State threatens to pull plug on vote machine firm

John Wildermuth, Chronicle Political Writer
Saturday, December 24, 2005

A voting machine company whose equipment handles elections in San Francisco, San Mateo, Contra Costa, Solano and seven other California counties could be out of business in the state if it doesn't fix software problems that surfaced in November's election, a state official has warned.

"The California secretary of state is deeply concerned about problems experienced by counties utilizing (Election Systems and Software) voting equipment and software,'' Bradley Clark, assistant secretary of state for elections, wrote in a Nov. 17 letter to the Omaha, Neb., company that was obtained by the Associated Press.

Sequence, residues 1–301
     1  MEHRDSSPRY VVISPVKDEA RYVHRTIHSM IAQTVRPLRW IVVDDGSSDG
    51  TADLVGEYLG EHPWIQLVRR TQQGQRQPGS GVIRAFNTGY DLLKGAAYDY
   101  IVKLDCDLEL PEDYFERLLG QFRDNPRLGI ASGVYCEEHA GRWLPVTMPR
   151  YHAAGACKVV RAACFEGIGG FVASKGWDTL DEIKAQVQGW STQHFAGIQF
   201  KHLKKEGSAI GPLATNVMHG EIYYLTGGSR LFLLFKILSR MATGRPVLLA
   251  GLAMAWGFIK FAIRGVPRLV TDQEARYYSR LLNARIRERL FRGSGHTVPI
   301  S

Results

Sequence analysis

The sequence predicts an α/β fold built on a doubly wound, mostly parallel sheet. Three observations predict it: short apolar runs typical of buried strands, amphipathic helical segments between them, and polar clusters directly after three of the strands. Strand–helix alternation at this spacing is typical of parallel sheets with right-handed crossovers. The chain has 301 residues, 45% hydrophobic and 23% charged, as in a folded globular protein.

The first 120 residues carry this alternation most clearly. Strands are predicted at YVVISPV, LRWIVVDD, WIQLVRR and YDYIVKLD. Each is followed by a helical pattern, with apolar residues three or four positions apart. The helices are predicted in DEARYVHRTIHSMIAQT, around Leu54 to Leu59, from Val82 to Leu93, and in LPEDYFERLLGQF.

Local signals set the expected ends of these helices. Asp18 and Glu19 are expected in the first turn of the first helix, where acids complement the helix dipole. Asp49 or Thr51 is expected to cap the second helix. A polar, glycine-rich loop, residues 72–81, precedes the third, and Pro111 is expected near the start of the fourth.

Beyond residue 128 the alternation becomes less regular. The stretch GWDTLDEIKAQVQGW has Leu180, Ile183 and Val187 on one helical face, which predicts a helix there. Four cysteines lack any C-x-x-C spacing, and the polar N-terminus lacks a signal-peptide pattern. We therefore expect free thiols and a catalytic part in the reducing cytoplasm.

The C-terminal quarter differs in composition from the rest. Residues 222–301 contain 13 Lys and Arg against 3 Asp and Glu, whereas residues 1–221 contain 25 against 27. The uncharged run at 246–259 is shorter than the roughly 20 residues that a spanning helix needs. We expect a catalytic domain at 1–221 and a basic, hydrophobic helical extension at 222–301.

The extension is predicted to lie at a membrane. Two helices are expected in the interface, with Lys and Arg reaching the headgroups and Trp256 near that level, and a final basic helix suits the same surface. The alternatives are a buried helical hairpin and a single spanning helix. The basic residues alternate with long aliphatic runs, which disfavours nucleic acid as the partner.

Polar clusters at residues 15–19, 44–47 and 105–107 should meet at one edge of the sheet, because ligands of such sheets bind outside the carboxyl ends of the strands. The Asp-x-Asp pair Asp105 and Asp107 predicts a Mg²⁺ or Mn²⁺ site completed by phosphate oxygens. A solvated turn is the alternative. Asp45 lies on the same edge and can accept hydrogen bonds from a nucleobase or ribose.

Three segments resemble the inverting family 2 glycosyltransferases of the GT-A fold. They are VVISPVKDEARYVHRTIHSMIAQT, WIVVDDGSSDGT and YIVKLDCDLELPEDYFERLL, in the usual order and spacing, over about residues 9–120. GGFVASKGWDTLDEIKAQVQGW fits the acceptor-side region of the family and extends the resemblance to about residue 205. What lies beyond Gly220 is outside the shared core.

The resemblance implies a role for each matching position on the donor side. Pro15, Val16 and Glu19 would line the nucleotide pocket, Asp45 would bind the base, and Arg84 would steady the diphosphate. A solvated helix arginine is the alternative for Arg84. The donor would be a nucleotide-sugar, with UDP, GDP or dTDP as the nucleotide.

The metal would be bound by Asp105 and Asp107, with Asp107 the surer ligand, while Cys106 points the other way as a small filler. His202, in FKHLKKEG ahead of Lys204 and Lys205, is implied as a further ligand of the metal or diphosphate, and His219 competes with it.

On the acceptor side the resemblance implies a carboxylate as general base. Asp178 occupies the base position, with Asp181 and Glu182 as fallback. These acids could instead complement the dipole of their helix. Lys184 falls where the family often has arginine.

Secretary of State knew of problems with ES&S electronic voting machines

From: Senator Debra Bowen's Office

Contact: Evan Goldberg (916) 651-4028

SACRAMENTO – “The fact that we’re only learning about this more than a month after it happened is as outrageous as it is unacceptable. You don’t build people’s confidence in the voting systems you’re asking them to use by refusing to talk about the problems with the machines in public. I don’t know why the Secretary of State is so intent on keeping all of the problems with these machines a secret, but California voters deserve better.”

That was how Senator Debra Bowen (D-Redondo Beach), the chairwoman of the Senate Elections, Reapportionment & Constitutional Amendments Committee, reacted to a report from the Associated Press today that it had uncovered a letter from the California Secretary of State’s office sent shortly after the November 2005 special election disclosing problems with the Elections Systems & Software (ES&S) voting machines used in that election.

Errors lead California officials to warn voting-machine company